There are only a handful of known genetically enhanced humans. Humans, genetically altered so that our active DNA incorporates ancient code. Code so ancient, so alien, that it doesn’t exist turned on in humanities’ everyday genetic material. It’s there in the gene pool, but it exists like vestigial appendages, like our appendix, which scientists postulate once played quite an important biologic role but in present day is no more needed than a sixth toe.

That’s me. An archaic, obsolete, alien oddity.

Maybe we do need the abilities. Maybe over the years, we simply lost the ability to use it due to environmental factors, like eyes in cave fish. Certainly, our world would be a very different place if everyone had this ability turned on.

As it is, to most, those of us with it pose an uncomfortable dilemma: people are fascinated, but horrified that their every thought and secret desire might be known. Without Scully these past few years, life would have been lonely indeed. In the past, I wasn’t exactly Mr. Sociability, but my life was consumed by my obsession, my quest for The Truth: my search for Samantha and the men who were responsible for her abduction.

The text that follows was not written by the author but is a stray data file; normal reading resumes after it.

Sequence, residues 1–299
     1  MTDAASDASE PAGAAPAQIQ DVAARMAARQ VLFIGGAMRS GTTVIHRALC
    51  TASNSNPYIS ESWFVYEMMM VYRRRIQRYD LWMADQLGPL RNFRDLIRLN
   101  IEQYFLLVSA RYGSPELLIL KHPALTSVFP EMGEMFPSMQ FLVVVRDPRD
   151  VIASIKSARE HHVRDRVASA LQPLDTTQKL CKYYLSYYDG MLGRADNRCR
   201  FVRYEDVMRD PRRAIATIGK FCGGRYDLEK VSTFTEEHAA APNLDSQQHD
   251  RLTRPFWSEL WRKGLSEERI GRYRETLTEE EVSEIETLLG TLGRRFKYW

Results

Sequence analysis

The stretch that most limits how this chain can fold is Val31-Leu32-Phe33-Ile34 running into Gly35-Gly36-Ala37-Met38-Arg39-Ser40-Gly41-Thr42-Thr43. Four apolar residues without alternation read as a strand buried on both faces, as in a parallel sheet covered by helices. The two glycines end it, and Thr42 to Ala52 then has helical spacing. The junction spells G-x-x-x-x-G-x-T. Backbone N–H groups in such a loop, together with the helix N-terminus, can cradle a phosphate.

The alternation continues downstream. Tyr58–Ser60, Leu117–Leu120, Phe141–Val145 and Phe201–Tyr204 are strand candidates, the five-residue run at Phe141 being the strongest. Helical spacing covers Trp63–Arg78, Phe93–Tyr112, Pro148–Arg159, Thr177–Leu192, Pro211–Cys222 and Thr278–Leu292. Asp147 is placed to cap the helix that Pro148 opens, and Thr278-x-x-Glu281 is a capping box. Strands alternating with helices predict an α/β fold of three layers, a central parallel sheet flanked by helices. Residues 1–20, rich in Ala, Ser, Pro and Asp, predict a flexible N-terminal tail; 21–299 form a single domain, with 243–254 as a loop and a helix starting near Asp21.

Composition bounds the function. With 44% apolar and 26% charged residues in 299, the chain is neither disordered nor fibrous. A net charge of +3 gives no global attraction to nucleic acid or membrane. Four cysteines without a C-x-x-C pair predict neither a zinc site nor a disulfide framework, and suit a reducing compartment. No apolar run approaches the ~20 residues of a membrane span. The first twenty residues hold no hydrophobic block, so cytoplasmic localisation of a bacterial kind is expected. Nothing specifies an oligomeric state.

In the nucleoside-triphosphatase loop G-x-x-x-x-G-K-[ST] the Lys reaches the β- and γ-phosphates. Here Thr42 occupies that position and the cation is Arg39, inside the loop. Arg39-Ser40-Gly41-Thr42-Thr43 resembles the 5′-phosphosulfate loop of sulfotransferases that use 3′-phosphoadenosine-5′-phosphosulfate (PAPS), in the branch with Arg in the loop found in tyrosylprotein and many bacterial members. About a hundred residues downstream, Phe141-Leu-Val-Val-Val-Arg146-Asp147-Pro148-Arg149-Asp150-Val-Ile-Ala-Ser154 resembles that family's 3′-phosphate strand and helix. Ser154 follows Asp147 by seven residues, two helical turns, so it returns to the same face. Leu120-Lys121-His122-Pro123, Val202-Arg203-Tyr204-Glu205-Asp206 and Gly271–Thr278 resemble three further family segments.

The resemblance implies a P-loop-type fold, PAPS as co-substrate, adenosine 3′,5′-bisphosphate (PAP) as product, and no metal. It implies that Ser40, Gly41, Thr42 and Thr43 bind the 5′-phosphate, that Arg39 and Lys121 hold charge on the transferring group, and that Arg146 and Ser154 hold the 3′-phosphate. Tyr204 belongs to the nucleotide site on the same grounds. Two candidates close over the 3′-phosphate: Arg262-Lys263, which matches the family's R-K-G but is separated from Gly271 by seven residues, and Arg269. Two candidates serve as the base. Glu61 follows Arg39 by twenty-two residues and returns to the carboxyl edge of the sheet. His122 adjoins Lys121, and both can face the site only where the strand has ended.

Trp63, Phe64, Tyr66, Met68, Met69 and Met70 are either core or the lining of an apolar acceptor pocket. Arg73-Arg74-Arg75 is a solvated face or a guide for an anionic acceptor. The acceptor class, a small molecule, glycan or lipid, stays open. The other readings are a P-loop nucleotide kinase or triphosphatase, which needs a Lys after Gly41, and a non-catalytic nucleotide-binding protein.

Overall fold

I found more Truth than I ever wanted to know. Old Smokey had been right years ago when he cautioned me to be careful what questions I asked, to make sure I really wanted to know the answers. Who would want to know the answers we found? And yet, what would we have done without them?

At this point, it’s water under the bridge. Now my days are filled with helping to coordinate relocations from weather-ravaged lands, and most importantly, making sure our country remains strong internally, crime- and terrorist-free. After a few years of trial and error, I surrounded myself with a staff whom I could work with, who didn’t project at me every time they walked into the room: mentally strong and focused people who weren’t paralyzed by embarrassment or fear to be around me. Scully thinks being in my presence acts like some kind of tuning fork to people with naturally strong psi tendencies or talents. Maybe she’s right. All I can say is I’m thankful to have the wonderful, talented people on my staff. They made the choice to be with me, to work closely with me despite the lack of personal privacy such a job would entail.